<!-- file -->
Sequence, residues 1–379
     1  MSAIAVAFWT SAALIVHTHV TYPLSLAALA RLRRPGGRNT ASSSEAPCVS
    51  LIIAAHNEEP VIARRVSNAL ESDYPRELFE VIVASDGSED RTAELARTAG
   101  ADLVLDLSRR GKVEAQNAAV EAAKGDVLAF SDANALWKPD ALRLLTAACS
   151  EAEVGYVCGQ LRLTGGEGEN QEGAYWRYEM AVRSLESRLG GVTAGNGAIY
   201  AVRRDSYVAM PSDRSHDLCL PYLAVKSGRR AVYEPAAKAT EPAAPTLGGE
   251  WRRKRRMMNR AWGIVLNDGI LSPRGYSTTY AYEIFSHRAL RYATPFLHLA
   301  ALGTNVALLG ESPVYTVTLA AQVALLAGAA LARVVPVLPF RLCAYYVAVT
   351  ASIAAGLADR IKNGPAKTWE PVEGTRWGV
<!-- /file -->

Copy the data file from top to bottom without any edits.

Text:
Sequence, residues 1–379
     1  MSAIAVAFWT SAALIVHTHV TYPLSLAALA RLRRPGGRNT ASSSEAPCVS
    51  LIIAAHNEEP VIARRVSNAL ESDYPRELFE VIVASDGSED RTAELARTAG
   101  ADLVLDLSRR GKVEAQNAAV EAAKGDVLAF SDANALWKPD ALRLLTAACS
   151  EAEVGYVCGQ LRLTGGEGEN QEGAYWRYEM AVRSLESRLG GVTAGNGAIY
   201  AVRRDSYVAM PSDRSHDLCL PYLAVKSGRR AVYEPAAKAT EPAAPTLGGE
   251  WRRKRRMMNR AWGIVLNDGI LSPRGYSTTY AYEIFSHRAL RYATPFLHLA
   301  ALGTNVALLG ESPVYTVTLA AQVALLAGAA LARVVPVLPF RLCAYYVAVT
   351  ASIAAGLADR IKNGPAKTWE PVEGTRWGV